This happened on Facebook after the Gazette ran a story about two Takoma homeowners who wanted to install solar collectors on their roof. To do so, however, they needed to remove a tree that didn't look too healthy anyway.
Jeremy Arias reported on July 7:
"At the heart of the matter is a decades-old silver maple growing directly in front of the Earles' house at 231 Grant Ave. While Patrick Earle has argued, among other things, that the tree is rotting internally and will soon present a safety hazard anyway, City Arborist Todd Bolton remains rooted in his stance that the massive maple is far from dead. Because the tree in question is defined by the city's code as an urban forest tree—it measures more than 24 inches in circumference at a height of four feet from the ground—it falls under the ordinance's protection, according to the city's code.
"It's not dead, it's not hazardous; he's choosing to remove it to put in his solar panels, and if you want to do that, there's a cost associated," Bolton said of the Earles' tree. "That's not my decision, that's not stuff I just made up; that's in the ordinance."
"Since Bolton did not classify the tree as a hazard, the ordinance states that the Earles need to either replace the tree or pay the city the "fair market value" of 23 replacement trees. Because of the tree's size—roughly 50 inches in circumference—the ordinance's formula dictates that the Earles would need to plant 23 replacement trees to make up for it.
"It seems completely unreasonable," Patrick Earle said.
He added that, according to the city, fair market value for 23 trees would cost him about $4,000 at $175 a tree, much more than the $2,000 estimates he's received from contacting private landscapers."
Earle's comments on his experience and recommendations for changes to the city's unforgiving tree ordinance make for interesting reading.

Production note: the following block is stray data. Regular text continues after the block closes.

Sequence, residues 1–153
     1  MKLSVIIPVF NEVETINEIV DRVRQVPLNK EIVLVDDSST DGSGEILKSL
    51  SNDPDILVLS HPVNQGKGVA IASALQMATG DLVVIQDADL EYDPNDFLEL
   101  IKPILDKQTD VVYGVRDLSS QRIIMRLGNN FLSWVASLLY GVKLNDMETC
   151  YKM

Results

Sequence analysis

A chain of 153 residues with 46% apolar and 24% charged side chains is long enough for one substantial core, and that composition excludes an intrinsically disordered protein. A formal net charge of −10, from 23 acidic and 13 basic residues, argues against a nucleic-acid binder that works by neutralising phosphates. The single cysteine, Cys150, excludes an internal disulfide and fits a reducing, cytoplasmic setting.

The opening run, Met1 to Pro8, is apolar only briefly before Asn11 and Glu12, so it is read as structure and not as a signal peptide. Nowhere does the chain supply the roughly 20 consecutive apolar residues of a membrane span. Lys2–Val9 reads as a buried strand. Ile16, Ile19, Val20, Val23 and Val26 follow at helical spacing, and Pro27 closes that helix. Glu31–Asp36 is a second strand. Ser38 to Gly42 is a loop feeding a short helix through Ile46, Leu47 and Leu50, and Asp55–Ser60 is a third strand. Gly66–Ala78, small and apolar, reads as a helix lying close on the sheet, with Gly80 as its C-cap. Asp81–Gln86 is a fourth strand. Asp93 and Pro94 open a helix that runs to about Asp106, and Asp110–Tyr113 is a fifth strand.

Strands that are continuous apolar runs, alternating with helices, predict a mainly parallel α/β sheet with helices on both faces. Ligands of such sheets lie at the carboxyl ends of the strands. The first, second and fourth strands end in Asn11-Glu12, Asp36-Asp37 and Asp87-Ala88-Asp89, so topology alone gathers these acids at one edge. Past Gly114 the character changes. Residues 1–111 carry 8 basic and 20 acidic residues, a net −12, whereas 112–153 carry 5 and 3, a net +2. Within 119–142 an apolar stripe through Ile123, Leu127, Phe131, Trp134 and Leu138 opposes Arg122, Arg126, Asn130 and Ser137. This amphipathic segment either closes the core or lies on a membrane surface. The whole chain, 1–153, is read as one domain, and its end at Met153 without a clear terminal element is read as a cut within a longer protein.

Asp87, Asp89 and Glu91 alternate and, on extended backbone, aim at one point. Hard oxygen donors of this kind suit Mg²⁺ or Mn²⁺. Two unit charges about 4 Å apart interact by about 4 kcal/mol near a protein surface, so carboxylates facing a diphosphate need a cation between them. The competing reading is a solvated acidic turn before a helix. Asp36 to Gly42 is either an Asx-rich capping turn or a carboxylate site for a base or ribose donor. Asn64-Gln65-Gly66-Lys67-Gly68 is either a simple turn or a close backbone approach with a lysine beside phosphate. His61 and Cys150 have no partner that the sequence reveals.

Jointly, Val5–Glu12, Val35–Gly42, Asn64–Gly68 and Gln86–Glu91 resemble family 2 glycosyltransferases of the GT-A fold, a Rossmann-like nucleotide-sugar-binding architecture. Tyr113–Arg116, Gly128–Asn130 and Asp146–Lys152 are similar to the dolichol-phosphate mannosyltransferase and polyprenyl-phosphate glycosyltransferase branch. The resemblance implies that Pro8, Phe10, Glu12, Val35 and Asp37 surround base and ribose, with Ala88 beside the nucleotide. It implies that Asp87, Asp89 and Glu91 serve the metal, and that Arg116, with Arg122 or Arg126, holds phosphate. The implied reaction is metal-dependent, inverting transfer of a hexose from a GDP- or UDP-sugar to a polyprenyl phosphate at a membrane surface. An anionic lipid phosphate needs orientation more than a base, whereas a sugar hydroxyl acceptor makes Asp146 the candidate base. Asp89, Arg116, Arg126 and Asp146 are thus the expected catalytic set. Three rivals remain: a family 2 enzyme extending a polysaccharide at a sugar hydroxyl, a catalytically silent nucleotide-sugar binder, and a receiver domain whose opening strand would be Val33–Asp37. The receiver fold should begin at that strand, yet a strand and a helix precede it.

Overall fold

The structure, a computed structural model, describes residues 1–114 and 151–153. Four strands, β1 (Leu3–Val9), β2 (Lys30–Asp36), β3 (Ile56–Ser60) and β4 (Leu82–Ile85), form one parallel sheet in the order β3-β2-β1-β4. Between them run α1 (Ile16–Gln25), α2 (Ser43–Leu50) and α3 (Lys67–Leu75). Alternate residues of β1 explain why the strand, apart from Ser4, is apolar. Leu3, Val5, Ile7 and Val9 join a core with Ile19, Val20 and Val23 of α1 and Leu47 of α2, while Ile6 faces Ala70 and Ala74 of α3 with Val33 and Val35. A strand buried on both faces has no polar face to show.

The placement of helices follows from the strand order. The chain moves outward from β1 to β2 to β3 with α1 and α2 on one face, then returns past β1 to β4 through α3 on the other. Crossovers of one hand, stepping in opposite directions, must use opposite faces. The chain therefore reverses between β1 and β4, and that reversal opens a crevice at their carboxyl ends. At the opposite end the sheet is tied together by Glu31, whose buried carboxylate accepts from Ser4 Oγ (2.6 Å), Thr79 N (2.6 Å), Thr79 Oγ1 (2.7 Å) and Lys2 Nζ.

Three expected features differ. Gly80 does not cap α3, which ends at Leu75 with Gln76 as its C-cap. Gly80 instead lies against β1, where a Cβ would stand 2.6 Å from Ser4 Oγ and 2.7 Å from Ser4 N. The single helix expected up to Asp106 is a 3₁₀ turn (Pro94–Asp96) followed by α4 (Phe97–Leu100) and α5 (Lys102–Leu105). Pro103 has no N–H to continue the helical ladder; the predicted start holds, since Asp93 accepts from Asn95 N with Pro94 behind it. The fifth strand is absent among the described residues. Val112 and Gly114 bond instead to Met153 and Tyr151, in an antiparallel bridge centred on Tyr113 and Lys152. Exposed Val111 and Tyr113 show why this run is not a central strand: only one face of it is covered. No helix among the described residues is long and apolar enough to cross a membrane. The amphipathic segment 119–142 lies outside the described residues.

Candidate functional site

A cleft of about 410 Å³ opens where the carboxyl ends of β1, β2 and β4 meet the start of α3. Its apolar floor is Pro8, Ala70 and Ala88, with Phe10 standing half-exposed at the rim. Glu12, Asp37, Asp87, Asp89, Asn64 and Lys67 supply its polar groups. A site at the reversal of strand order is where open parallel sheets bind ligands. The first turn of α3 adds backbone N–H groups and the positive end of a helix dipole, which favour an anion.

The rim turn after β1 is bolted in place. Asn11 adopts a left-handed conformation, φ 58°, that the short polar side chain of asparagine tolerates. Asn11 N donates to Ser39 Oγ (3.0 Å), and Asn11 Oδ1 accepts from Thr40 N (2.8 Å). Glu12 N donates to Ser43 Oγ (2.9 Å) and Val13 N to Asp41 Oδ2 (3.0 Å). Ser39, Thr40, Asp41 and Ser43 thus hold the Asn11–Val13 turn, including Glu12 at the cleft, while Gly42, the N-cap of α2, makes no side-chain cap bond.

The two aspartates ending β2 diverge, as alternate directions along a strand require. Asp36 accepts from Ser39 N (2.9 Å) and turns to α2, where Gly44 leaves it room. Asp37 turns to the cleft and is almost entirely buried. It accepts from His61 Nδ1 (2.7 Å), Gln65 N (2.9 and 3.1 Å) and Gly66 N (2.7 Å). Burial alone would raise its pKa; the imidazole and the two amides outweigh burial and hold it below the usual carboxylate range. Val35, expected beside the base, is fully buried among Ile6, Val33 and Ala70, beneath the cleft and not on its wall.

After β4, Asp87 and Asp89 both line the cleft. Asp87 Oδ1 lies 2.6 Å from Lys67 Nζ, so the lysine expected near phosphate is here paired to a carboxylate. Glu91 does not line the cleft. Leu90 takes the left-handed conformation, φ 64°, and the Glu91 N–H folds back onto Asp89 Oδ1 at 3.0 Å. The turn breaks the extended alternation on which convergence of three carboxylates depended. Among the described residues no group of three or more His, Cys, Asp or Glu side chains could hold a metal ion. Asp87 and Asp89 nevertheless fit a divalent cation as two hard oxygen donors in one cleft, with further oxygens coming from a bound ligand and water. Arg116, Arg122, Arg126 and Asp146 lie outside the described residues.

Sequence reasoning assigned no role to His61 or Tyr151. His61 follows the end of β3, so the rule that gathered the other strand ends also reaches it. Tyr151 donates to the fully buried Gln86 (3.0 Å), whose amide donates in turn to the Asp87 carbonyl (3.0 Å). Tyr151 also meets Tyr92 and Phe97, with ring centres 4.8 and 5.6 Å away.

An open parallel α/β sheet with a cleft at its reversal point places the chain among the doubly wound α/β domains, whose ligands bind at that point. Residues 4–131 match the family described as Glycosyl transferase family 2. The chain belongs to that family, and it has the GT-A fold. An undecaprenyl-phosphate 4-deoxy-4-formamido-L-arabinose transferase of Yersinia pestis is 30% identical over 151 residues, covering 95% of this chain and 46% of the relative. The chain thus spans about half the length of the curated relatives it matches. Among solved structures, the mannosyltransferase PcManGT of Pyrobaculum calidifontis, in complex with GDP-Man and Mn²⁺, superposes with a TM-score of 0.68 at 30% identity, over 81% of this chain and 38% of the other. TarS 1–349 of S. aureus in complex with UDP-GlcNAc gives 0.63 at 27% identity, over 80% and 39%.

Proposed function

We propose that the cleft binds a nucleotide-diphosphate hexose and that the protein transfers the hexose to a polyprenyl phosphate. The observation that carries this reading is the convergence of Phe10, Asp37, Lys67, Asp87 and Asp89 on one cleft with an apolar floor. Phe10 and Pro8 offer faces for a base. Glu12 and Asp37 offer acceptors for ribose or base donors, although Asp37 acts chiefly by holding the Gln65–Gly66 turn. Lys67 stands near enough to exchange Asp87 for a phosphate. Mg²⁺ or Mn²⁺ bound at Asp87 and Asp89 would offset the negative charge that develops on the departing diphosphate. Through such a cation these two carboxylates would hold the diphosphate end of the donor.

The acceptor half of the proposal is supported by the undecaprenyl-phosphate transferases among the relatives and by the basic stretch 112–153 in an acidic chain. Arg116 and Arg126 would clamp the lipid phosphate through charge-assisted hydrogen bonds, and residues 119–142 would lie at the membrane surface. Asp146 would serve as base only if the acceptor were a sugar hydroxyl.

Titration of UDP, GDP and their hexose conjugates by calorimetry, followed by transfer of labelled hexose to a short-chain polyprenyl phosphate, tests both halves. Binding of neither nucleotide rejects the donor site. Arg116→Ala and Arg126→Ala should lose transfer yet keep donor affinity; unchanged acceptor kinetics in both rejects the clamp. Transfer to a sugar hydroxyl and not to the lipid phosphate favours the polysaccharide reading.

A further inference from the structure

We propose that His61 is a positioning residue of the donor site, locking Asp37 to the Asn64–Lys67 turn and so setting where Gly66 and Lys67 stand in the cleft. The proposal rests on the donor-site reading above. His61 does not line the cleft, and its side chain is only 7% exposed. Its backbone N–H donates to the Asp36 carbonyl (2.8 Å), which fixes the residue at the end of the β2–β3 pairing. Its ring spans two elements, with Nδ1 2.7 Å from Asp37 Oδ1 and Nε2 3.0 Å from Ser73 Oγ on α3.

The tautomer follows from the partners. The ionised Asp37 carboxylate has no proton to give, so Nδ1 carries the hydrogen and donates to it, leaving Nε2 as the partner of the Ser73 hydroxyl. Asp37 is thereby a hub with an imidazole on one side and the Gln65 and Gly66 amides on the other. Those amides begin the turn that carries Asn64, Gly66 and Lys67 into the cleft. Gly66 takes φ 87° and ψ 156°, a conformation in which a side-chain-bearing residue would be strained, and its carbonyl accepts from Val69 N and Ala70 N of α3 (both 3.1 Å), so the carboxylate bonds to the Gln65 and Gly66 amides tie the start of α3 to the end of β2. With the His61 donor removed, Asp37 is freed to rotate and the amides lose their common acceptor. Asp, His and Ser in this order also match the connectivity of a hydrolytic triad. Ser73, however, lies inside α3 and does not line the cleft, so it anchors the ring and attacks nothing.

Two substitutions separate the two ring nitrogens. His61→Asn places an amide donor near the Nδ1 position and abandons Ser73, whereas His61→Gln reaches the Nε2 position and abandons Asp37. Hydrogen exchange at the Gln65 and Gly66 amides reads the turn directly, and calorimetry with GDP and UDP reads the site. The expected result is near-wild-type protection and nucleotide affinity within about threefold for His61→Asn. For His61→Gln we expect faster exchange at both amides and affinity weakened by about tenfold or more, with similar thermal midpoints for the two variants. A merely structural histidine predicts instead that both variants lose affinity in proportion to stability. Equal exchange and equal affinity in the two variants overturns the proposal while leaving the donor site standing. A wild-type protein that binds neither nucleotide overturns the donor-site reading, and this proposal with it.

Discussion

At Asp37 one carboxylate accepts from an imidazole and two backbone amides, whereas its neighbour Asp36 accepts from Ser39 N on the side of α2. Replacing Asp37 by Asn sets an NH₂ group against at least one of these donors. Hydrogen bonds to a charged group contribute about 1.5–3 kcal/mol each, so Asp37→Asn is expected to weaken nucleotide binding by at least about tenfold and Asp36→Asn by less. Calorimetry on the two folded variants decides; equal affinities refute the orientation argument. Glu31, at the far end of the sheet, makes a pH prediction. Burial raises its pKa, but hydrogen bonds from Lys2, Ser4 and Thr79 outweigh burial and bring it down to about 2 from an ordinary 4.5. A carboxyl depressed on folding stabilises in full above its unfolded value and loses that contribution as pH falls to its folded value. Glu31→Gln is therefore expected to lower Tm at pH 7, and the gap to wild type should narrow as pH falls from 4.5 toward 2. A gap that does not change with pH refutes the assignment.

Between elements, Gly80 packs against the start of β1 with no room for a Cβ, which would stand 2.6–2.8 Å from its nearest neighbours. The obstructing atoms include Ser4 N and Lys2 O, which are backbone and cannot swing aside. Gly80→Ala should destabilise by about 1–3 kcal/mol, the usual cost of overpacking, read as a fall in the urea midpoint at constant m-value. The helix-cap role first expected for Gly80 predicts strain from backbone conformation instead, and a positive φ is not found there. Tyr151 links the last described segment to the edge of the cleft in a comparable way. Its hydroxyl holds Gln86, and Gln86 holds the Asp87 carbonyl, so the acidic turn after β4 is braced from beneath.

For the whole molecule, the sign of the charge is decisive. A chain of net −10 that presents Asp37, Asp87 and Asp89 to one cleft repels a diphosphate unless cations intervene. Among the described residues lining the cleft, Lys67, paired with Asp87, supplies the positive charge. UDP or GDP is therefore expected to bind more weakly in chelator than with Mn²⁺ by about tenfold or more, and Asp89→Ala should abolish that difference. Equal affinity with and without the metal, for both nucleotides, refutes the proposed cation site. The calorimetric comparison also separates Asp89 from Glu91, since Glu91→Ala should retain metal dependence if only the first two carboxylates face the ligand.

Earle tells me about (and sends along) arborist Todd Bolton's decision to "rate the trunk of my tree as a 3 on a 5-point scale. However, the table in section 12.12.100 of the Tree Code implies that if the trunk is severely hollow that the rating should be a "1". When the tree was cut down we discovered that the trunk was very hollow. One of the major branches that was leaning over power lines and my neighbor's house was dangerously hollow."
From the code:
12.12.100 (C) The basal area of the replacement trees, measured at caliper height, must be no less than a percentage of the total basal area of the tree to be removed, measured at 4 1/2' above the ground. The percentage is determined using the following health quality analysis rating scale.
5 or 4
3 or 2
Sound and solid
Sections of bark missing
Extensive bark loss and hollow
More than 6 inch year twig elongation
2 to 6 inch twig elongation
Less than 2 inch twig elongation
1 major or several minor limbs dead
2 or more major limbs dead
Normal pest presence
Moderate affliction or infestation
Severe affliction or infestation
Full and balanced
Full but unbalanced
Unbalanced and lacking a full crown
Over 30 years
5 to 30 years
Less than 5 years
After the article came out, my fellow Task Force on Env'l Action colleague Sat Jiwan Ikle-Khalsa wrote a sensible letter to the Gazette advocating a recommendation contained in our report that would establish colar co-ops on city buildings.
In any case, here's my exchange with Clay. She delivers a pithy, loaded statement, tries to reword it, and then declines to defend it and bows out of the conversation. Politicians in Takoma Park need to get thicker skin. Leather's out, so maybe recycled plastic bags?